1.1 Test for significance: Correlation coefficient

After calculating the sample correlation coefficient \(r\), we can take it one step further and test for the significance of the correlation coefficient. Consider the following hypotheses:

\[H_0:\rho = 0 \;\;\text{versus}\;\;H_1: \rho \neq 0,\]

where:

  • \(\rho\) denotes the true (population) correlation coefficient.

By carrying out this hypothesis test, we can determine whether or not the correlation coefficient is significant. In other words, we we reject \(H_0\), we conclude there is evidence to suggest that the correlation is not equal to zero. This would mean we have evidence that there is a significant linear relationship (or association) between the two variables. On the other hand, if we do not reject \(H_0\), this means we do not have enough evidence to conclude that the correlation is not equal to zero. If the correlation is equal to zero, this means there is no linear relationship between the two variables.

Let's carry out the test to determine whether there is evidence of a significant association between the income and happiness variables:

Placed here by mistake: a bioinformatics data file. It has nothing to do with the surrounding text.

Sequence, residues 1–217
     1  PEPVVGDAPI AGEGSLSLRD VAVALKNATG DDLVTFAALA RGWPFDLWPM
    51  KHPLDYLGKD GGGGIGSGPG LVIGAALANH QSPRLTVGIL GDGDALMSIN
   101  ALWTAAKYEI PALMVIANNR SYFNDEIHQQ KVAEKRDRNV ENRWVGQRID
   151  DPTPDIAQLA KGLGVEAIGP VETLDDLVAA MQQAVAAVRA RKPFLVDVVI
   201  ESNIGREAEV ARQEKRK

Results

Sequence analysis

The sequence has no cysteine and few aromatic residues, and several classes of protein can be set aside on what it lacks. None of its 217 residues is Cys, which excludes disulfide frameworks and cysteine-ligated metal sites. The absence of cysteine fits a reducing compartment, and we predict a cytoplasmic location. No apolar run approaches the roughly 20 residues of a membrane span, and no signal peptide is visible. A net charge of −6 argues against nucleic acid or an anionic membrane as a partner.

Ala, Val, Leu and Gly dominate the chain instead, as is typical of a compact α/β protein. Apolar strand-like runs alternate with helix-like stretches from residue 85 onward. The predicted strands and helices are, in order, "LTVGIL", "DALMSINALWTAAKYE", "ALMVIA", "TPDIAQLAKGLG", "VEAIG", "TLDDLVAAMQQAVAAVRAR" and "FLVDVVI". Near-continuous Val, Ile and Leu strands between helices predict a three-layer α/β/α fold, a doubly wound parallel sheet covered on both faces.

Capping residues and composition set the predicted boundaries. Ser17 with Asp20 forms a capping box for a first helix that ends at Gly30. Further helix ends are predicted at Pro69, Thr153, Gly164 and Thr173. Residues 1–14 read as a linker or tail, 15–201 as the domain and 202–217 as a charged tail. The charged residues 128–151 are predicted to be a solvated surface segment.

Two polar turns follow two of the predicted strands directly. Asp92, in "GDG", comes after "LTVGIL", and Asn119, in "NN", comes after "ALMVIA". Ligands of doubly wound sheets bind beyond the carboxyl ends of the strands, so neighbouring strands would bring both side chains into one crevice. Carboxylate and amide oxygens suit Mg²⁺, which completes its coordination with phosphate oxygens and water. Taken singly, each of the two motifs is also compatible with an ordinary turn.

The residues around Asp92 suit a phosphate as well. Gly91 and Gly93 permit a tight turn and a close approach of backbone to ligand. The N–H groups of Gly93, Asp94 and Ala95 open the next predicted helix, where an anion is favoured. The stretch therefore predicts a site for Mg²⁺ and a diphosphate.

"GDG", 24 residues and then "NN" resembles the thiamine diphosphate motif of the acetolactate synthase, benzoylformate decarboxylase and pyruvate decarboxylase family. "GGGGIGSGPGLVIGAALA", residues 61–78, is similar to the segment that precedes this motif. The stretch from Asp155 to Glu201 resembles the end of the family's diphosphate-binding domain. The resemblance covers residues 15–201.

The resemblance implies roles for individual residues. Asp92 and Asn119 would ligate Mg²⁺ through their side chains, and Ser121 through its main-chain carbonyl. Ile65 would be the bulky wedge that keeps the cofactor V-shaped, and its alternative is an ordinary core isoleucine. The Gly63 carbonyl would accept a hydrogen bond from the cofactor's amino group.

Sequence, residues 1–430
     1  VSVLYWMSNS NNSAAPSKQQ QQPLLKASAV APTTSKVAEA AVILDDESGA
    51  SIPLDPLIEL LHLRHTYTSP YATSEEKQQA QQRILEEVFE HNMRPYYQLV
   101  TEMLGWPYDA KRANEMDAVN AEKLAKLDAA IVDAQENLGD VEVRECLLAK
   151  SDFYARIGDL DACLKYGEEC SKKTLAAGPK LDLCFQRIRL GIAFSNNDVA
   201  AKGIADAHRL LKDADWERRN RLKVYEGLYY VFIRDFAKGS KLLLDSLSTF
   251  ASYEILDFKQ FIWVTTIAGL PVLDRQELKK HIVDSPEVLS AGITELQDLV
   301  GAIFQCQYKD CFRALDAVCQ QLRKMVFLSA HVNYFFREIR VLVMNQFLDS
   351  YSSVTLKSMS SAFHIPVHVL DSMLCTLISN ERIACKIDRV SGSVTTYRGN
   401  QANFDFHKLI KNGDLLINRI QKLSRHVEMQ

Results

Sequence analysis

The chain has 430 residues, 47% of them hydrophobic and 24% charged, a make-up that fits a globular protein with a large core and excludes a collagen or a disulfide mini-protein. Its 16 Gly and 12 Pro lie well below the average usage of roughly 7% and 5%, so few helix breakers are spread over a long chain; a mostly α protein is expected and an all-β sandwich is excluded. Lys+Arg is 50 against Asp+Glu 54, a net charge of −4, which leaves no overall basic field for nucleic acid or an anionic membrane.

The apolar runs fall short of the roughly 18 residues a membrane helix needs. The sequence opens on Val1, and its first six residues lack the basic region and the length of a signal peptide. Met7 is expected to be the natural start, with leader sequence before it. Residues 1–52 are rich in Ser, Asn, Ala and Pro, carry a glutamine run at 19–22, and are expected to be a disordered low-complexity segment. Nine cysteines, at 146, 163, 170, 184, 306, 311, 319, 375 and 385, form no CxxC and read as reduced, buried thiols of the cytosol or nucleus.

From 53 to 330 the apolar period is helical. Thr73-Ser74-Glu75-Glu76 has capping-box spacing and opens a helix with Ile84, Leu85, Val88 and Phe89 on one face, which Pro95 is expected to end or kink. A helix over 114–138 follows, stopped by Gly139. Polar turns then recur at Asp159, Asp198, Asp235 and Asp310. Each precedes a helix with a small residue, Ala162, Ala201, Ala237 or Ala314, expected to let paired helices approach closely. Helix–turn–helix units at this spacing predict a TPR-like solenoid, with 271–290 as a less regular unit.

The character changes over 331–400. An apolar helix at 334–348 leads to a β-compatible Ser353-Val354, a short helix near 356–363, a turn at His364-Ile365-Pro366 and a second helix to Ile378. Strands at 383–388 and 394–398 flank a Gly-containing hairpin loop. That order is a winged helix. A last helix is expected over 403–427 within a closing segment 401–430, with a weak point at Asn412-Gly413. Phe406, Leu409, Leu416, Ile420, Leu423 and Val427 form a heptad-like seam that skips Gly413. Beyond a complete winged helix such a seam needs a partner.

Pearson's product-moment correlation

data:  df$income_2019 and df$happiness_2019
t = 10.278, df = 76, p-value = 4.945e-16
alternative hypothesis: true correlation is not equal to 0
95 percent confidence interval:
 0.6504941 0.8422277
sample estimates:
      cor 
0.7626303 

From the above output, we note the following:

  • The \(p\)-value is almost 0, which is much less than 0.05, so we reject \(H_0\). That is, there is evidence to suggest that the correlation is not equal to zero. This means we have evidence of a significant association between the two variables
  • The test statistic is \(t = 10.278\)
  • The sample correlation coefficient is \(r = 0.76\)
  • The 95% confidence interval for \(\rho\) is (0.65, 0.84). That is, we are 95% confident that the true correlation between income and happiness is between 0.65 and 0.84.